It must have been an impressive sight in Sydney, Australia this Palm Sunday as an inter-denominational, multi-ethnic group of Middle Eastern Churches gathered for a joint prayer service. Wearing a red cope (a type of cloak) and silver miter (a type of hat) and carrying a crozier (a staff) was the bishop of the Maronite Catholic Church. A fellow Catholic, the Archbishop of the Melkite Greek Catholic Church, wore a gold embroidered chasuble and stole and a crown shaped like a dome. Other church leaders were there in full regalia as well: the senior leaders from the Coptic Church in black albs; the Antiochian Orthodox Primate, also in black with a rather large cross hanging from his neck. Their goal was to demonstrate unity among the churches of the East. While they came together to show their unity, they are not united enough to celebrate communion together. The Maronites and Melkites are connected to the Roman Catholics, while the Coptic and Orthodox Churches are not. The Antiochian Primate, Paul Saliba shared that, “We Australians from Middle Eastern origin feel the pain of not celebrating together.”*
More and more often we see various denominations coming together to worship, focusing on the things they hold in common rather than on the things that may distinguish or divide them. The church I serve gathers with another church in town (United Church of Christ) for our Lenten Services. In my prior appointment, a group of five churches from three denominations worshipped together during Lent. The picture we get of worship in The Revelation to John shows us that all of our human inventions and differences have been removed and we are able to give perfect worship to God. Read what John saw in Revelation 7:9: “every nation, from all tribes and peoples and languages” were gathered for worship. There were no arguments over what the bread really was; no disagreement over the type of music to play; just pure, perfect worship. Jesus brings us together; it is our human failings that divide us.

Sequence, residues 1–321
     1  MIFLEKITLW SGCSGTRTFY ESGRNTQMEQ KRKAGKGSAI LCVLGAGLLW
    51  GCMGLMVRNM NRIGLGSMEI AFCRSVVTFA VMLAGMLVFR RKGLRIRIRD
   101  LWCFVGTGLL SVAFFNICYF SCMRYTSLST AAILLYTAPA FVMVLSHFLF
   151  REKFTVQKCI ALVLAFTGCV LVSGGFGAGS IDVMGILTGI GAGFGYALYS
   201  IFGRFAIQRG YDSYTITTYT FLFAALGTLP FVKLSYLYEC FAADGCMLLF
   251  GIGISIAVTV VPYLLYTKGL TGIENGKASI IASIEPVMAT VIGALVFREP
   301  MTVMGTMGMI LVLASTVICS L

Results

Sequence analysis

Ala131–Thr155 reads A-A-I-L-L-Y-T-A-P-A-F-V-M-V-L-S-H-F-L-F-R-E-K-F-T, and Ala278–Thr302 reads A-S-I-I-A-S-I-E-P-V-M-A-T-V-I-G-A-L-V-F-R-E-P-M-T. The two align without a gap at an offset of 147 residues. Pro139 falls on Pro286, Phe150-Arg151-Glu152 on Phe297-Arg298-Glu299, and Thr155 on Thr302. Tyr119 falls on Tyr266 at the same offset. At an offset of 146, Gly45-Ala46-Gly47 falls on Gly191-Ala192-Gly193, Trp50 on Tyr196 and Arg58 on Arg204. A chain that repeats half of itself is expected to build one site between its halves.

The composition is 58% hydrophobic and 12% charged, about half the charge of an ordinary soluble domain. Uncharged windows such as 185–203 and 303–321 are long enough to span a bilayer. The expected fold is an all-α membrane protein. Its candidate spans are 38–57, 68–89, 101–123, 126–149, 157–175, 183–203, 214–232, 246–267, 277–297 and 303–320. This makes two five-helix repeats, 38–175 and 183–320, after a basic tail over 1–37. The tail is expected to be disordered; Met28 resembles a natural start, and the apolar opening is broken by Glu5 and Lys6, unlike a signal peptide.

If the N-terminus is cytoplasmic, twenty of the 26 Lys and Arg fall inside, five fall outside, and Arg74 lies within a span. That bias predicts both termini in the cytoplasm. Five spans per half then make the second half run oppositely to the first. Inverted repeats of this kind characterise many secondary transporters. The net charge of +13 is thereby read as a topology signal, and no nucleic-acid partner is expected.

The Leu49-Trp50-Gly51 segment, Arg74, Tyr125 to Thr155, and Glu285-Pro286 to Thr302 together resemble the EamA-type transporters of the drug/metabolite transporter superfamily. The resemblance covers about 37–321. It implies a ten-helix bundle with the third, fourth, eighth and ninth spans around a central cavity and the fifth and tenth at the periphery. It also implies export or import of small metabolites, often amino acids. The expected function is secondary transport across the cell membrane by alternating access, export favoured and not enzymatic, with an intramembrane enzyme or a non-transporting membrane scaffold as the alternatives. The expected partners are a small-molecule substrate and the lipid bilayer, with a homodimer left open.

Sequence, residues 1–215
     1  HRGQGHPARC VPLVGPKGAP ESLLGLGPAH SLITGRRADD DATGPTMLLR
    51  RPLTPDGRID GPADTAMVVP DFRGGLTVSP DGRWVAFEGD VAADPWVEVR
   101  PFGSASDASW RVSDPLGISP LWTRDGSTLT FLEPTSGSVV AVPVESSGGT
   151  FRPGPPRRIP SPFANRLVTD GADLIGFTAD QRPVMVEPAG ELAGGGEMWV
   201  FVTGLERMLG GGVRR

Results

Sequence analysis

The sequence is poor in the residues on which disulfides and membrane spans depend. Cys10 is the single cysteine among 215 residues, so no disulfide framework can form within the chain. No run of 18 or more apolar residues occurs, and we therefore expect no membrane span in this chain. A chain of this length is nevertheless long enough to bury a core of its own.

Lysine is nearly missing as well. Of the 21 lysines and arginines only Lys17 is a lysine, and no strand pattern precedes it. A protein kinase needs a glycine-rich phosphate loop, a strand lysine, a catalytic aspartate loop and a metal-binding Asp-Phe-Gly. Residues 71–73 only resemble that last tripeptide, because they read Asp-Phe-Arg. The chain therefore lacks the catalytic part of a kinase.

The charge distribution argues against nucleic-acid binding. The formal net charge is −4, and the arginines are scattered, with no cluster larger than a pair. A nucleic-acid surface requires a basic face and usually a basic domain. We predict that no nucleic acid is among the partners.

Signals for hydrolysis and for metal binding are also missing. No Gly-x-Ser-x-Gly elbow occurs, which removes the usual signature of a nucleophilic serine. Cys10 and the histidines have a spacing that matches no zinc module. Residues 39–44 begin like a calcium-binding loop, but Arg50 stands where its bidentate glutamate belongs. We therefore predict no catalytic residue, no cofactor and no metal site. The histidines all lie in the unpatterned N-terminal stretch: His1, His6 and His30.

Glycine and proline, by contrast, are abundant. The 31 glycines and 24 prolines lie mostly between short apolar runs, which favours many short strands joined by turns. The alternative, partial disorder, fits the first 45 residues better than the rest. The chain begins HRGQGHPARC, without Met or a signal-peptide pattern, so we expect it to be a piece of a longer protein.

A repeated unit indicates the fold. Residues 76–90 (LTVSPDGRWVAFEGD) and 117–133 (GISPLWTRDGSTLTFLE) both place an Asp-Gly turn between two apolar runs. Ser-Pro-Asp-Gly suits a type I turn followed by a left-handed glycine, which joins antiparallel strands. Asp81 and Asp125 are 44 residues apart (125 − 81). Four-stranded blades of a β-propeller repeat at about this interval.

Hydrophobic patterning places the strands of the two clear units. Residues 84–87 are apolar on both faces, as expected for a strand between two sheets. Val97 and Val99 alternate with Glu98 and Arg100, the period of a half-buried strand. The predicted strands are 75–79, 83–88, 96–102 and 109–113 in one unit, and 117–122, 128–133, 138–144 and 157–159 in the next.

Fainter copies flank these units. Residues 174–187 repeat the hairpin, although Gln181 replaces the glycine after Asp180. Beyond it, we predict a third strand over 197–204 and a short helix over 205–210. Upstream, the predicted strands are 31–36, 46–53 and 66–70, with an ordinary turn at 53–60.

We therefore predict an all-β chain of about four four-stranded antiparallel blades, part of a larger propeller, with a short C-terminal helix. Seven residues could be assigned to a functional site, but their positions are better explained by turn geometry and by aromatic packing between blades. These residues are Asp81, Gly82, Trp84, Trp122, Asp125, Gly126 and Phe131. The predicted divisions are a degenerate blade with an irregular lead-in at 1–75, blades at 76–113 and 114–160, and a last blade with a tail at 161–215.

- Have you ever worshipped in an Orthodox or a non-English speaking Catholic Church before? How did you feel? Was it difficult for you to follow along, or were you able to catch the meaning?
- Do you think your Sunday worship is too formal, too laid back, or just right? What one, only one, thing would you change if you could? What effect do you think that would have? Would it draw more people into your church? Why?
- How has your understanding of worship changed over the years? From when you were a child? From when you were a young person (a “twenty-something”)?
Reverend Lou Hornberger is the pastor of Salem United Methodist Church in Orwigsburg, Pennsylvania.